"War Dogs": Woofing!

"War Dogs" is a curious breed. The movie is self-consciously anti-war, full of enough cautionaries about greed and profiteering from international conflict to stand as a moral tale.

Repeatedly the principals tell us how much they dislike war. Over and again images of Afghan and Iraq War initiators President George Bush and Vice President Dick Cheney are treated derisively. But for every lesson painstakingly etched, Director Todd Phillips can't resist tweaking conventional morality with attempts to draw humor out of the predicaments of his movie's larger than life characters and sympathy to their amoral plight.

Phillips has had great success with reductio ad absurdum. His more successful films like "Old School", "Hangover I" and "Hangover II" push conventional limits of embarrassing interactions, painful physical comedy and implausible juxtapositions. The centrifugal force of wild action humor is held together by the contrivances of male bonding.

"War Dogs" pushes this formula less successfully. Down on his luck David Packouz (Miles Teller) needs to support his girlfriend Iz (Ana de Armas) and their soon to be born child. David hooks up with his childhood friend Efraim Diveroli (Jonah Hill) to bid on small government contracts to supply arms to the U.S. military. From the beginning the partnership is problematic: David is desperate; Efraim is unscrupulous. Their venture is held together based neither on friendship, nor substance . . . but only profit at any cost.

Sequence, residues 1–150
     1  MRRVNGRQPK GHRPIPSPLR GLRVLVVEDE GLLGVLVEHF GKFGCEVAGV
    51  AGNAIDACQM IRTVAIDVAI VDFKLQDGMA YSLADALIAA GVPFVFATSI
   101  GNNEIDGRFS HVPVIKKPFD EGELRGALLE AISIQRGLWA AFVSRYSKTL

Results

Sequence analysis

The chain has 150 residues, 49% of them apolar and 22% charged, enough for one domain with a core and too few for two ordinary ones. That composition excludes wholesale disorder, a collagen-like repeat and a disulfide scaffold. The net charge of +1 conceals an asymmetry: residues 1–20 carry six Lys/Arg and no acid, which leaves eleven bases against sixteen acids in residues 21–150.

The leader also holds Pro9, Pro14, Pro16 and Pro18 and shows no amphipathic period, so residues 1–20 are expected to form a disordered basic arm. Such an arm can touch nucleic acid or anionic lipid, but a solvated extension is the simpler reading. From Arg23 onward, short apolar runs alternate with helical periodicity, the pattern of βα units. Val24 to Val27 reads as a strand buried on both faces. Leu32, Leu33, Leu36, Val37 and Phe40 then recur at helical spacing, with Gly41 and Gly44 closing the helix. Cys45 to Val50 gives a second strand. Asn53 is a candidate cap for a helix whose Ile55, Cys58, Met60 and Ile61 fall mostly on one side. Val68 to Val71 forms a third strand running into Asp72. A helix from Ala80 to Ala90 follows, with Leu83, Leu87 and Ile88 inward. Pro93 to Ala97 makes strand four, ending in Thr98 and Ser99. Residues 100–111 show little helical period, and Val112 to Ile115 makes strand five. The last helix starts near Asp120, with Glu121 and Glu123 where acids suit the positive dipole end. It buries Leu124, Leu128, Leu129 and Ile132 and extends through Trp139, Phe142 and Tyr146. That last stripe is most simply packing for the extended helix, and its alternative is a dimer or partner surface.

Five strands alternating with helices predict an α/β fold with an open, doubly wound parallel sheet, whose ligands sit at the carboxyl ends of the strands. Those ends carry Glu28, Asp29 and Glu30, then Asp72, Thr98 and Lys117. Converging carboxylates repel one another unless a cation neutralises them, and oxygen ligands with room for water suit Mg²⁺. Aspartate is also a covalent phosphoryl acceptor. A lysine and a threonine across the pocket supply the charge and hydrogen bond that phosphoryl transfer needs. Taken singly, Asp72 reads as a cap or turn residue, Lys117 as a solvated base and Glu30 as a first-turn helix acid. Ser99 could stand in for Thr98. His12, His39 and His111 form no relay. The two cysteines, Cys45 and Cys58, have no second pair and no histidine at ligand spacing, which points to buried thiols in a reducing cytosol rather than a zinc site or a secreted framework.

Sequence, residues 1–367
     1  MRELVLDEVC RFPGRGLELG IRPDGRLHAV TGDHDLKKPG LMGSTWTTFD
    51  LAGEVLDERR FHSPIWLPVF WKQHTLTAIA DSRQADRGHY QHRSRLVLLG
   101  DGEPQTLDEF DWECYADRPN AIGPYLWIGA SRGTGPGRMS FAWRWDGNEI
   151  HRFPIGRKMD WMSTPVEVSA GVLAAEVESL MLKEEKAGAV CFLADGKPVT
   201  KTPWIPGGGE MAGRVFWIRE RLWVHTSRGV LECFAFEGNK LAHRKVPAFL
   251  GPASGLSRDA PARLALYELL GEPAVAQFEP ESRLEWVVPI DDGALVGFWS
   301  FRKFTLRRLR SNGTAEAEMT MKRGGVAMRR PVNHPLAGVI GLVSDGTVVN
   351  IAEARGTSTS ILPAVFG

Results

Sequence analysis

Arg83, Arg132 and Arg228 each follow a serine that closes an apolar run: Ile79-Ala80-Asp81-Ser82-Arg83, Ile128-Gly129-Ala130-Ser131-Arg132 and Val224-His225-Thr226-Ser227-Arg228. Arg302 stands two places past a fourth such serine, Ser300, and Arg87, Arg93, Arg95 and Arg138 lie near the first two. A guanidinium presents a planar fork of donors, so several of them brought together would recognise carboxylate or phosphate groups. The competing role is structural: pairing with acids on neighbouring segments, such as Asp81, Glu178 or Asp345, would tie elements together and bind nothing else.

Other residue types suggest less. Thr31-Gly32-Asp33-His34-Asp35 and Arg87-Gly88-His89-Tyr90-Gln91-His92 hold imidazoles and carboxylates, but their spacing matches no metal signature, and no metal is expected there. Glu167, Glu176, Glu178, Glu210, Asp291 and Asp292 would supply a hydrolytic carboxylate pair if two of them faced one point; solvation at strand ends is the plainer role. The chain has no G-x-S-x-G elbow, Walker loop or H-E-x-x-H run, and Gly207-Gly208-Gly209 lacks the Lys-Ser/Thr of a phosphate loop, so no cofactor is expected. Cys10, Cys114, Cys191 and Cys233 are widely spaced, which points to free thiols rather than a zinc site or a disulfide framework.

What starts as a small business profiting from contracts too marginal to be seized on by larger firms, quickly grows as the friends find ways to circumvent government regulations. Diveroli and Packouz plunge into war zones and international crime to make their business successful. The depth and danger of their situation is embodied in their encounters with legendary arms dealer Henry Girard (Bradley Cooper in a role ironically complementing his work in "American Sniper").

The film is loosely based on investigative reporter Guy Lawson's "Arms and the Dudes: How Three Stoners from Miami Beach Became the Most Unlikely Gunrunners in History," a Rolling Stone article later expanded to book length. The film's co-writer Stephen Chin added his own experiences including driving through war torn Iraq.

In the end, we are made to feel more concerned with the fate of the characters, lovable or not, than the suffering involved in the armed conflicts that their work made possible. Will Efraim and David live and be successful? Will they be caught, incarcerated or killed? In comparison to the carnage they help to inflict . . . who cares!

Phillips could have given his film a bit more meaning by showing us the results of the arms deals his characters were involved in. But instead, for all his presumably good or conflicted intentions, we have a work that is more bark than bite!